pany on their acceptances, but directed the official liquidator not to negotiate the bills.-In re the Commercial Bank Corporation of India and the East, 35 L. J., Ch. 617.
DAMAGES.—In order to entitle the owner of land to proceed in an action against a neighbour for excavating near his boundary, appreciable damage must have been caused thereby.
" Where there is an actionable wrong, such, for instance, as a person stepping on another man's land, or a returning officer refusing a vote tendered to him, or an interference with the flow of water to which a man is entitled, it is not necessary to prove pecuniary damage. But where an adjoining owner of land does a lawful act of ownership on his land, which is no wrong of itself, it may become actionable if appreciable damage be caused to his neighbour. Thus, if a man has a drawing-room window, and his neighbour builds a chimney which pours its smoke into it, the question of damages arises, and the maintainability of the action depends on the annoyance caused, and circumstances under which it
Again, if dancing causes a vibration in a neighbour's house, there is not necessarily a cause of action ; but if it would probably bring down the house, he has no right to have a ball, and would be liable after no for the fall of the house, because damage occurred. So the noises of trades, as of a coffee-mill or plate-rolling mill, only become actionable grievances because of the damage.”Per Erle, C. J. Smith v. Thackerah, 35 L. J., C. P. 276.
COMPANY (Power of Directors to bind Company).Seven persons signed a memorandum of association of a company, which was duly registered. There never were any articles of association. Two of such persons (one professing to act as managing director, the other as chairman of the company) engaged plaintiff as foreman at the company's brick-works. In an action by plaintiff for his wages, - Held, that, in the absence of proof to the contrary, the company must be taken to have given authority to the two persons to engage plaintiff.—Totterdell v. the Fareham Blue Brick and Tile Co. (Lim.), 35 L. J., C. P. 278.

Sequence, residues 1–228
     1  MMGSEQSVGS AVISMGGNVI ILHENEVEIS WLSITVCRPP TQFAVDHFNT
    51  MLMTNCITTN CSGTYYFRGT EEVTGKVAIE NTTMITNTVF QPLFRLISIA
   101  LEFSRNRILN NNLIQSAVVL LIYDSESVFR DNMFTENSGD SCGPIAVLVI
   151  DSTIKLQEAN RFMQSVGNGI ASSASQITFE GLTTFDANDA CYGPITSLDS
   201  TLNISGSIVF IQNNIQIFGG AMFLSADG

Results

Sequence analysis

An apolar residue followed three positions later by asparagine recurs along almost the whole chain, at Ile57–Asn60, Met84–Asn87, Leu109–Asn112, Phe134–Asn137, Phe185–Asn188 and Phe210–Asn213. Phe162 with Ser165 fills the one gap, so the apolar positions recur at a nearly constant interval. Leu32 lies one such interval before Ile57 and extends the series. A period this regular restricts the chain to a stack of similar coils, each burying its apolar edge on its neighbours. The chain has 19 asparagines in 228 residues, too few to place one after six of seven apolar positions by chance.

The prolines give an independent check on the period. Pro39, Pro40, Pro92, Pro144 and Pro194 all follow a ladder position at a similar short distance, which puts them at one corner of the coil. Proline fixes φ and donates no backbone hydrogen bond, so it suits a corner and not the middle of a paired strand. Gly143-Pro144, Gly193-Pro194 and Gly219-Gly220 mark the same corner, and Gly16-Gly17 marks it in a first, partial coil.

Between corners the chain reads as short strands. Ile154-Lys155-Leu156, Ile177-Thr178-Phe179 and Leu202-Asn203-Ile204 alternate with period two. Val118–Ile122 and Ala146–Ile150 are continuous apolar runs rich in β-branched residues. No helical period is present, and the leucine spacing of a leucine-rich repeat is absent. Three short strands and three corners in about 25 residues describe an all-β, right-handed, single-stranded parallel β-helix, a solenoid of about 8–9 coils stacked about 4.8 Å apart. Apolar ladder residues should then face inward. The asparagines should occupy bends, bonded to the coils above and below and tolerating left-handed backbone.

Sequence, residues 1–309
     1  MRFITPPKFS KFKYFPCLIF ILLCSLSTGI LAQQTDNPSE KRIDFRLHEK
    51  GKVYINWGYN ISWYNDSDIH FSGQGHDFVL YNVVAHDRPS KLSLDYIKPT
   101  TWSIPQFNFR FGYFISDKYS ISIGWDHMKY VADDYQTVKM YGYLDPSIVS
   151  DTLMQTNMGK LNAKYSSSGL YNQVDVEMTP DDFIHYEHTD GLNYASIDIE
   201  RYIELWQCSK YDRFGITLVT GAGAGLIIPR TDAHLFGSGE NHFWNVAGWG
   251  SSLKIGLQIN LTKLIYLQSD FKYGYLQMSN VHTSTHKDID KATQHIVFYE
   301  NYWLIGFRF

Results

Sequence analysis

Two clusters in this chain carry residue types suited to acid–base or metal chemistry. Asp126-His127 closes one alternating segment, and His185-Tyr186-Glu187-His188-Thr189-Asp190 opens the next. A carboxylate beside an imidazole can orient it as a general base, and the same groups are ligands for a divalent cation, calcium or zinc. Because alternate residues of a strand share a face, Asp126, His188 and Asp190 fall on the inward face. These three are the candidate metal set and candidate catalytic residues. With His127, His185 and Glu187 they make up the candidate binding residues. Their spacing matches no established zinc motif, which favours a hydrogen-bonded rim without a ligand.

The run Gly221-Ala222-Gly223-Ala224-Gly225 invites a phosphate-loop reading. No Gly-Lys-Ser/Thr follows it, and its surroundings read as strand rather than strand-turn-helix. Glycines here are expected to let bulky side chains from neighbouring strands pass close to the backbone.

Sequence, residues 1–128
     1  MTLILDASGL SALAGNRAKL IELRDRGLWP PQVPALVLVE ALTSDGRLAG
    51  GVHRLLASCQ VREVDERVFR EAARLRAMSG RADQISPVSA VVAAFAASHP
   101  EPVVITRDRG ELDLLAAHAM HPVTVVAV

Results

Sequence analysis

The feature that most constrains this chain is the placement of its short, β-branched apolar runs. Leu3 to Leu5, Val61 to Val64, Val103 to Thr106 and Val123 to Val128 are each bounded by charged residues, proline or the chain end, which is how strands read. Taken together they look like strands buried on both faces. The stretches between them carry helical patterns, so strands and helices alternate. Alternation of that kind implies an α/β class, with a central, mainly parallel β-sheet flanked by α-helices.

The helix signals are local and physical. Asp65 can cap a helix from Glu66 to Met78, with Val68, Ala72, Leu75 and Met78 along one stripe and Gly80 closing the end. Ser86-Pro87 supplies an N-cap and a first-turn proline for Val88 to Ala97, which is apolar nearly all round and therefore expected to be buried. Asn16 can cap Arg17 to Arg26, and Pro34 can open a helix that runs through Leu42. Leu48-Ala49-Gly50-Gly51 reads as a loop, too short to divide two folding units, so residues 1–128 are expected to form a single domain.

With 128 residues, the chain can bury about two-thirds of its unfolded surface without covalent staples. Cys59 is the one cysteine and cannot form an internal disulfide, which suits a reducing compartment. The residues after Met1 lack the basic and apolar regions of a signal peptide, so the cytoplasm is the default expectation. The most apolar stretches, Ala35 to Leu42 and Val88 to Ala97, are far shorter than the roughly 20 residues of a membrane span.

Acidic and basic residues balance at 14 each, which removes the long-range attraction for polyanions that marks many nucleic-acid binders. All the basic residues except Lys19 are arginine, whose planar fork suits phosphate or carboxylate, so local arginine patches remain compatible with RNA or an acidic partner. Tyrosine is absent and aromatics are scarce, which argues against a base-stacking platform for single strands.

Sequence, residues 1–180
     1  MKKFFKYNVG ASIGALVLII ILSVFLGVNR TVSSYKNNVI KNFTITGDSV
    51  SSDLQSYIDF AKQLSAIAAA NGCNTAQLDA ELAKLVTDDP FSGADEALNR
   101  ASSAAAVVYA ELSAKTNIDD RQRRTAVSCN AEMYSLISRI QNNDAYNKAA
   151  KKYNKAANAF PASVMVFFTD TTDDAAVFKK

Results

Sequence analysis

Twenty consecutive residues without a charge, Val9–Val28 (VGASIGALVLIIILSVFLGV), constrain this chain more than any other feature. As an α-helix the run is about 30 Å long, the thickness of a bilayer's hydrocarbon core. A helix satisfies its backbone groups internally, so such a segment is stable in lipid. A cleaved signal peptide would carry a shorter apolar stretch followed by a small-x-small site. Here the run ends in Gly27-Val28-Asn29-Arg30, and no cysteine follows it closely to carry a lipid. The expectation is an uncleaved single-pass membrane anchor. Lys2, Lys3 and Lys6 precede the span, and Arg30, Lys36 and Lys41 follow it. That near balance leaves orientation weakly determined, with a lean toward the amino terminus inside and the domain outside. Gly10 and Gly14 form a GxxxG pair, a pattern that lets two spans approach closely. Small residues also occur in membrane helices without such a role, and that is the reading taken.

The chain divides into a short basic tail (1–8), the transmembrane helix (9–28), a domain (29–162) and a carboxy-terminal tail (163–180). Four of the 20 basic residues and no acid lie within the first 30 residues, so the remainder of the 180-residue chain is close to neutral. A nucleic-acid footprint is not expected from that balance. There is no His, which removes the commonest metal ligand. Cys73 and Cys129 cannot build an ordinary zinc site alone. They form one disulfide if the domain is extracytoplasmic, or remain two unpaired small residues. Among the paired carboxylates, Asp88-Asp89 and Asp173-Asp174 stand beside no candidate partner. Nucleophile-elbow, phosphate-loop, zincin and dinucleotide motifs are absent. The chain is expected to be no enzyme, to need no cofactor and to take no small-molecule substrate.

LIBEL (Report of Proceedings in Bankruptcy). The examination of a prisoner in gaol by the Registrar in Bankruptcy under the 101st section of the Bankruptcy Act, 1861, is a public judicial proceeding; and a fair and correct report without comment of the examination is privileged, even though it may contain statements not relevant to the inquiry, which injuriously affect the character of a third person.—Ryalls v. Leader, 35 L. J. Ex. 185. i L. R. Ex. 296.
MARINE INSURANCE (Seaworthiness of Lighters).-On an insurance of goods on a voyage policy, until the same be safely landed at the port of discharge, including all risks to and from the ship,” there is no implied warranty that the lighter used at the end of the voyage to convey the goods from the ship to the shore shall be seaworthy for that purpose.—Lane v. Nixon, 35 L. J., C. P. 243. 1 L. R. C. P. 412.
MARINE INSURANCE (Suing and Labouring Clause : Particular Average).—Plaintiffs, whose vessel was chartered to bring a cargo of guano to the United Kingdom for certain freight, payable after arrival at the port of discharge, effected an insurance with defendants on the chartered freight by a policy containing the usual suing and labouring clause, and also the exception, “warranted free from particular average, also from jettison, unless the ship be stranded, sunk, or burnt.” The ship was driven by weather to put into Rio, where she became a total loss, without being “stranded, sunk, or burnt.” The cargo was safely landed at Rio, and, without notice of abandonment, was sent on in another vessel to the port of discharge, and plaintiffs afterwards received the chartered freight :-Held, that the expenses of conveying from Rio having been incurred to save the subjectmatter of insurance from a loss, could be recovered under the suing and labouring clause, notwithstanding there had been no abandonment; since such clause is not limited to cases where the assured abandons. The right to recover such expenses under that clause was not excluded by the warranty against particular average, as there was danger of the total loss of freight by the loss of the ship by perils insured against, and the expenses were thus incurred for the benefit of the defendants. Semble—That evidence that by usage in the business of marine in